Ginger maple glazed salmon with easy leeks in the Land of Oz

26 Feb

One of the very first movies I remember seeing as a kid was The Wizard of Oz. My parents recorded it from the TV onto a VHS cassette, so whenever we watched it we would have to fast forward through the commercials. This was always a risky endeavor. Whole foods or Emerald City?Those tapes were not really meant for fast forwarding or rewinding – every time we skipped ahead, we crossed our fingers that the tape inside didn’t get stuck, creating a storm of static on the screen, distorting Judy Garland’s voice into something like the munchkins she would meet later in the story, and forcing us to hit eject, pull out tangled tape, and manually wind the spools back to health.

The movie captivated me every time. I loved the fantasy of escaping the real world to a universe of bright color, catchy songs, and a surprise around every bend in the yellow brick road. I looked forward to the Emerald City itself, sparkling and gleaming in the distance, knowing that there were people scurrying around inside, scrubbing the floors, and preparing for our arrival (I of course joined Dorothy & co in my 8-year-old mind). Once inside the gates, I toured the palace, guided by greeters stationed helpfully along the way.Beautiful raw salmon

I now realize that The Wizard of Oz, and the way I felt while watching it, bear a peculiar resemblance to the way I prefer my retail experiences as an adult. Colorful sights, pleasant music, new exhibits at every turn, helpful staff to meet my every need – IKEA? Whole Foods?

I visited a Whole Foods this weekend, and I felt a flutter in my stomach as I rode the escalator down into the depths of the store (as only a New Yorker does to get to a supermarket), taking in the sights and sounds of the produce department. A wander around found me with a beautiful cut of wild Alaskan sockeye salmon and a bunch of leeks in my basket.

But, as usually happens, the experience was destined to be better in my mind than in reality. Within minutes and a few shopping cart traffic jams later, I was ready to go. The shopping experience, normally so enjoyable, had crossed the threshold into sensory overload: too many options, aisles crowded with whining children, a bag of dried lentils broken open and scattered across the floor, useless employees with no answers, and no exit in site. I felt a meltdown coming on, like my 8-year-old self appearing for an instant in this modern day Oz. All I could think to myself was “there’s no place like home,” especially when there’s ginger maple glazed salmon waiting to be eaten.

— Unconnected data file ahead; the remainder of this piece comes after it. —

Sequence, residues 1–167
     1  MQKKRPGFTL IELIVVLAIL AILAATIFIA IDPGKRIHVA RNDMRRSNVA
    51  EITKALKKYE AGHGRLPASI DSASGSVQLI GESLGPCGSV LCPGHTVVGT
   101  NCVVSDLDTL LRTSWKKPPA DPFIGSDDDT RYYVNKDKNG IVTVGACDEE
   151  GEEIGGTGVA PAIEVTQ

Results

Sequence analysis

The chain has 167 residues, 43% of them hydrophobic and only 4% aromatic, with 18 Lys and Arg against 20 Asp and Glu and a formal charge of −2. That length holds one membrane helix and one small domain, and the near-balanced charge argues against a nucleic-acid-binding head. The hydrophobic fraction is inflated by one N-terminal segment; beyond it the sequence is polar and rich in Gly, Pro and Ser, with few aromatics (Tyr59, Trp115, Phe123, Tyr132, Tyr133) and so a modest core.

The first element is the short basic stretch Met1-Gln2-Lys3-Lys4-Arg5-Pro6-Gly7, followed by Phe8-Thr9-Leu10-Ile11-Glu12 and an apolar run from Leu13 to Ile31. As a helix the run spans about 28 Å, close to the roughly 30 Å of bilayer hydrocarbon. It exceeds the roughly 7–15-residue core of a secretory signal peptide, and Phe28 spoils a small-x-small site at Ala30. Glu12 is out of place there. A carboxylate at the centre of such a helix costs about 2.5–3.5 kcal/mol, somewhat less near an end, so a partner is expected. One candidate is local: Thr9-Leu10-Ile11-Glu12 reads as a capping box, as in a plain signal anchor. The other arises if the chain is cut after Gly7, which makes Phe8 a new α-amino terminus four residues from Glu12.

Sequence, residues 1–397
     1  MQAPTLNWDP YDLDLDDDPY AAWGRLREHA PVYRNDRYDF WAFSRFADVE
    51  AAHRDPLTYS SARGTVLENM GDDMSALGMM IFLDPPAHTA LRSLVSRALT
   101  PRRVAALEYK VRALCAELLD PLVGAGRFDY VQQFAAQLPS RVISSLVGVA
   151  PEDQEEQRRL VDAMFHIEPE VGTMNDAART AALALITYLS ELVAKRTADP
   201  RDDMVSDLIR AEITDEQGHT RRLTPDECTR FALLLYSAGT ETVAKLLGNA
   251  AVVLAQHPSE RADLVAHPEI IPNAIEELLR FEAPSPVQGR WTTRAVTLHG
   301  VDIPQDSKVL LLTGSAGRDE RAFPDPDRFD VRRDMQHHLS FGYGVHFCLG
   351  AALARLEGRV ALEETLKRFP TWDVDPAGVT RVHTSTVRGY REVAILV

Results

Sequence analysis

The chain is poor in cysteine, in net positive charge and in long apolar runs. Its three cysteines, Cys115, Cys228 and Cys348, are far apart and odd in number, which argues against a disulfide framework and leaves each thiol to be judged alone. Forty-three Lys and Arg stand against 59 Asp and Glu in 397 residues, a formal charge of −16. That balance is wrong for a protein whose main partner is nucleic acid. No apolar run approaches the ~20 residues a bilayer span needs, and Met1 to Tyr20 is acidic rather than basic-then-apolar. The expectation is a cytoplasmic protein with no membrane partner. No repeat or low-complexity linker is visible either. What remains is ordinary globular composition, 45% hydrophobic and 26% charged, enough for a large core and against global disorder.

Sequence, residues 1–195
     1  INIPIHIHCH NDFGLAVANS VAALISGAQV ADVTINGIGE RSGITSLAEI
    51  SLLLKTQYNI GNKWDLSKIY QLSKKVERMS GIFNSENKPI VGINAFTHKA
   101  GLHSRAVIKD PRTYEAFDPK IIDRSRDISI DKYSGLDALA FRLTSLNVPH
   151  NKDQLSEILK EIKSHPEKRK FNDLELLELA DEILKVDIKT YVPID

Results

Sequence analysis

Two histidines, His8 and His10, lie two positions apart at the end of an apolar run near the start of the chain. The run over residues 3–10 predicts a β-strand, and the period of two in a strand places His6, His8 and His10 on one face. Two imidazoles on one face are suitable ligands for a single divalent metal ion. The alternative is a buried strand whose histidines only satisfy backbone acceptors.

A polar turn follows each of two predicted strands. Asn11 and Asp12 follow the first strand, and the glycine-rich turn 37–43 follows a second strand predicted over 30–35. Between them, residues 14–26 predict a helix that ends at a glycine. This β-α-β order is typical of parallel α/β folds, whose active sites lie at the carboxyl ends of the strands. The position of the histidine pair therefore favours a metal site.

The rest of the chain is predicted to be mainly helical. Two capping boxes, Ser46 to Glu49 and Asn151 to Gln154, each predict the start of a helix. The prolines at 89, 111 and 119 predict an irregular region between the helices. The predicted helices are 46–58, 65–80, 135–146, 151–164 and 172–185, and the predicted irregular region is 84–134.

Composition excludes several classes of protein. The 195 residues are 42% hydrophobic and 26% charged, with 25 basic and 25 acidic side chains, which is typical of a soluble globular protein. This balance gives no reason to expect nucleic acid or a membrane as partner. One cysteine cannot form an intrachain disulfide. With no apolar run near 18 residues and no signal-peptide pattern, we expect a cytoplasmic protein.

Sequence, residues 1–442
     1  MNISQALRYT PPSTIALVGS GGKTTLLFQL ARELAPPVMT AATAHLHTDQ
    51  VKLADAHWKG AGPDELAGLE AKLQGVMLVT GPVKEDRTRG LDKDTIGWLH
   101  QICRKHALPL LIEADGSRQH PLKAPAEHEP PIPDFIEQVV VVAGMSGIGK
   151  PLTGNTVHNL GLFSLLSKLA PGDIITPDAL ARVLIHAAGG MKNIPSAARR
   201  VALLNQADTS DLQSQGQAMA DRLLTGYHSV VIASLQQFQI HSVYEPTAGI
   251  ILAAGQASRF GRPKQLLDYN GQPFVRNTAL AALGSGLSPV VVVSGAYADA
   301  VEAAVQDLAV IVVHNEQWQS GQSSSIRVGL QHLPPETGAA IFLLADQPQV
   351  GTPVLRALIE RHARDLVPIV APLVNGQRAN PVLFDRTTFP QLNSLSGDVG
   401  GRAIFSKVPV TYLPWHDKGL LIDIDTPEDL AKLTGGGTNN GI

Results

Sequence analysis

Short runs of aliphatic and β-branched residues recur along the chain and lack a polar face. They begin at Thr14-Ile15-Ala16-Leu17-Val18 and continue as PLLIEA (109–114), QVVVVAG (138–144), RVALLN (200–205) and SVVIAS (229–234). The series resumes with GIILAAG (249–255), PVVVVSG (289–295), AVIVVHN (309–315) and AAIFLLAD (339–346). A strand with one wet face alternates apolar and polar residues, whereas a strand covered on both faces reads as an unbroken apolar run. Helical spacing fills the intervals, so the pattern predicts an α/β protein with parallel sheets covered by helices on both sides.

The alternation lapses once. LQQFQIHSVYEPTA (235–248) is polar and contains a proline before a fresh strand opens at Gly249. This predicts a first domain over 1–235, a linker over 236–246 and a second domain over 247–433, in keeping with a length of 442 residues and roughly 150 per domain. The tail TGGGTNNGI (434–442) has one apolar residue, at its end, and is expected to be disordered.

Ginger maple glazed salmon

Adapted from Gourmet


  • 2 lbs salmon fillet
  • 1 cup maple syrup
  • 4 tablespoons lemon juice
  • 3 tablespoons soy sauce
  • 3 tablespoons ginger, minced
  • 5 cloves garlic, minced

1. Combine maple syrup, lemon juice, soy sauce, ginger, and garlic in a small saucepan. Simmer until reduced to about 1 cup.

2. Preheat oven to 400 degrees.

3. Arrange fish on baking sheet, season with salt and pepper, brush with some of the glaze, and roast. (My rule of thumb is about 5 minutes for every half inch of salmon.)

4. Arrange salmon on plates and drizzle with rest of ginger maple glaze.

Easy leeks

This isn’t a recipe, but rather a discovery of how easy it is to take advantage of this beautiful but often forgotten giant scallion wannabee.

I chopped off the dark green upper leaves and hairy white roots of my leeks, and rinsed the remaining stalks under water to clean out any dirt or sand that was trapped inside. I then blanched the leeks for a few minutes, took them out of the boiling water, and ate them. That’s it!

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